I was recently referred to an article by Prof. Bakshi (read here). Prof bakshi has written about a few companies which seems to be cash bargains (selling less than cash on the books), but are suspect due to their accounting and corporate governance.

Readers of this blog would be aware that I have a bias for companies with low debt and high cash on books. I do not get excited by growth as high growth companies are usually fairly valued or overvalued. However slow to moderately growing companies with a solid business model are frequently undervalued. Excess cash on the book only adds to the attractiveness of these companies.

Low debt and cash on books is usually a good thing, but excess cash holdings for long periods of time are not good for shareholders. It usually signifies that the management is allocating capital poorly and in absence of high return opportunities is letting the cash idle. This is ofcourse better than spending the cash on stupid acquisitions. However a shareholder friendly management should return the cash through dividends or buybacks.

The above holds true if the cash is actually present. After the satyam episode, one cannot be completely sure of that. I have always looked at the management quality and corporate governance of a company in the past, before committing my money to it. It is easy to identify cases of bad (see aftek here, which the prof has also referred to in his article) or good governance. The problem is identifying managements which are not good, but not overtly bad. The bigger problem is identifying complete frauds, where the !@## (put your choice of expletive) auditors are hand in glove with the management.

There are books, which discuss this topic (of financial fraud) in detail (see here). There are no clear-cut formulae to identify aggressive or fraudulent accounting. A deep understanding of accounting and experience, will throw up red flags when one is reading and analyzing the annual report of a company. A single red flag may not be a cause for concern, but several of them together should alert you. I will be covering some of these red flags in a future post.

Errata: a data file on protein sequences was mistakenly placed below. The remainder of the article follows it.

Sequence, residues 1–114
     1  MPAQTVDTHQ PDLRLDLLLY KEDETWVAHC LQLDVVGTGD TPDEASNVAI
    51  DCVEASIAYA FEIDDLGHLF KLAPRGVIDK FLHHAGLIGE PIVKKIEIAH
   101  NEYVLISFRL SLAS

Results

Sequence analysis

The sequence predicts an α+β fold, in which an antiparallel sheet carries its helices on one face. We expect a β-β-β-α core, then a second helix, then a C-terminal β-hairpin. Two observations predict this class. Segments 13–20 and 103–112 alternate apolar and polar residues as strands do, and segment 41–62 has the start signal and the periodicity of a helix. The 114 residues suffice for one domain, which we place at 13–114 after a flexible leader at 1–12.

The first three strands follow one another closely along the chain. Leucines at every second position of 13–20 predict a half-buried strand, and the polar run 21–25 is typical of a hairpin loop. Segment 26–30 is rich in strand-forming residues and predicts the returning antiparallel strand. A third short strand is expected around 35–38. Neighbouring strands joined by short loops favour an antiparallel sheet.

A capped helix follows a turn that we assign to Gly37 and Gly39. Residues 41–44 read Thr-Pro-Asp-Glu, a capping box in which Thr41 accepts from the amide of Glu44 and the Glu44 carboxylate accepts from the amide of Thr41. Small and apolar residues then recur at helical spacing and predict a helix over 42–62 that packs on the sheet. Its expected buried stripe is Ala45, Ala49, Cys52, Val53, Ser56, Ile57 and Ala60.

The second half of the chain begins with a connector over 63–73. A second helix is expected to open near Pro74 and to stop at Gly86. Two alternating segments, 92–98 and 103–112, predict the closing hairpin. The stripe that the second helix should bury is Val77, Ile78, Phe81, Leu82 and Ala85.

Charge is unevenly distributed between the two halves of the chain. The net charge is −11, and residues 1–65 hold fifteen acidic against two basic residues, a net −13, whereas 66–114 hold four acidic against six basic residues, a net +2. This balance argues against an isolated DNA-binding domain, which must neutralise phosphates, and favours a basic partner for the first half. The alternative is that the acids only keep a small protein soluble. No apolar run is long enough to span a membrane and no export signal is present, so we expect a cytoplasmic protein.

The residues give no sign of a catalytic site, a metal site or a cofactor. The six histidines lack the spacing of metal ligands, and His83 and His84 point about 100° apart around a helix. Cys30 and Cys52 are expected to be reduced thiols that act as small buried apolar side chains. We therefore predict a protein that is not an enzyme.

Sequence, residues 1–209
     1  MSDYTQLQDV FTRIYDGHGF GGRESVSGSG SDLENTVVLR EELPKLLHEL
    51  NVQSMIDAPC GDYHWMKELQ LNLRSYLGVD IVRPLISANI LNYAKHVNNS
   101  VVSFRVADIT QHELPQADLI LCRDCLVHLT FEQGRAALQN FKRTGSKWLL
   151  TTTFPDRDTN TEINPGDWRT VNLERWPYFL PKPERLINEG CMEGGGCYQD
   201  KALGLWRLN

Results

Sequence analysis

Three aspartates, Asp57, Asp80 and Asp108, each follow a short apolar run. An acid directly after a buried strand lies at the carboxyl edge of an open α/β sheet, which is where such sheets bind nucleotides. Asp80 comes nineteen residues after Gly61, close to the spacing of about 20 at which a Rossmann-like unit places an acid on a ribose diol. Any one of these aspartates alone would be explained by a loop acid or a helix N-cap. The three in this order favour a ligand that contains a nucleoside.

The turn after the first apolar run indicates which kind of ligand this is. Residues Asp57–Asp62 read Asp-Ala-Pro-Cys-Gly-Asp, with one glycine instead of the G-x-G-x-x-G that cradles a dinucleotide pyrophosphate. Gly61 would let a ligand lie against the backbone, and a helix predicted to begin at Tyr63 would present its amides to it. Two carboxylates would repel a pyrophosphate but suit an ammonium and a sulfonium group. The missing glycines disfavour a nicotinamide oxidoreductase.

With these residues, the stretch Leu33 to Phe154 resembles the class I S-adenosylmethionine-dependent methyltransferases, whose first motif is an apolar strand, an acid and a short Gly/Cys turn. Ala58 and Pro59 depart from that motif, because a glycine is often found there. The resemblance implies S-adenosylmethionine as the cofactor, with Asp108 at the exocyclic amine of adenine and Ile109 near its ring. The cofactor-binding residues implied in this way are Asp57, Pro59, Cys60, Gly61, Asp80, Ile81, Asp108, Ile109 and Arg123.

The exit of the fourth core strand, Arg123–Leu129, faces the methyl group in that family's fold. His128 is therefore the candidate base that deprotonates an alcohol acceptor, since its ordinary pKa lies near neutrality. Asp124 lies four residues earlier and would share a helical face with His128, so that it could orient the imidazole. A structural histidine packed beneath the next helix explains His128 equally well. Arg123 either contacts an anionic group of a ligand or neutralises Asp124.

Let me come back to another example in the article – HTMT global. I have discussed about the company in the past and have a small holding in the company (it is  part of my diversified graham styled portfolio). The key reasons for my investment are – cash on books higher than the market cap, decent topline and bottom line growth and ultra cheap valuation. However the negative on the stock is corporate governance. As indicated in the article, the cash is held in a subsidiary in Mauritius.

The CFO indicated in the analyst meet that the cash is being held to avoid the 30% tax and for acquisitions. During the analysis of the company, I read this explanation (I was searching for it) and found it plausible. However on reading, prof bakshi’s article I was disappointed to read this

HTMT has deposited cash in Mauritius. When asked about keeping its money outside India, Anand Vora, CFO, said:  “We have been getting a lot of queries, because PwC is our auditors and have a considerable amount of cash on our books. We don’t want to comment till we get a clearance from our legal team. So, while your questions (on overseas accounts and account balance and cash on books) may not be very sensitive issues, we will still like our legal team to go through it.”

There are two red flags in the above statement : PWC and the reluctance of the CFO to give a straight response. If you have cash on the books, why do you need the legal team to go through it?

Does the above mean that the cash does not exist? Should one exit the stock? To be honest, I don’t have an answer for that. If one cannot trust the management and the auditors to tell the truth, then it is not possible to invest in a company. The entire financial system depends on this trust. No one will invest, if the management and auditors cannot be trusted to tell you the truth.

So where do we go from here? For starters I am reviewing all my holding to check their cash holdings closely and tie it with the interest income. I have checked these numbers in the past, but with only a passing interest. I will however be looking at these numbers far more closely now.

In addition, though I have focused on corporate governance in the past and rejected several ideas for my core portfolio, I have been more tolerant in my graham styled portfolio. I plan to give more wieghtage to this factor in my stock picks in the future. I have purchased companies, which are statistically cheap, even if they are not upto the mark in corporate governance. I plan to  put more wieghtage on this factor going forward.

I am still thinking about HTMT and have not decided yet. However my comfort levels have dropped a lot with this company and my gut feel is not good (yes, I listen to my gut feeling ..ignoring it in the past has been costly). I may decide to exit the company even if I have to take a small loss. This may be an over-reaction to the satyam episode as there is still no factual basis to distrust the company. However there should be no tolerance on corporate governance and transparency. In the end i would rather err on the side of caution than repent later.

Added note : I just glanced at Satyam’s annual report. The company reported 3300+ crs of cash with scheduled banks and an interest income of 270 Crs. The scheduled banks seem to be  bank of baroda, BNP, citibank, HDFC, HSBC and ICICI bank. How the hell did the auditors certify the cash if the management says all this cash was fictitious ? If this news report is true, then one can derive comfort that the statements were not fraudulent and the cash was actually siphoned out.

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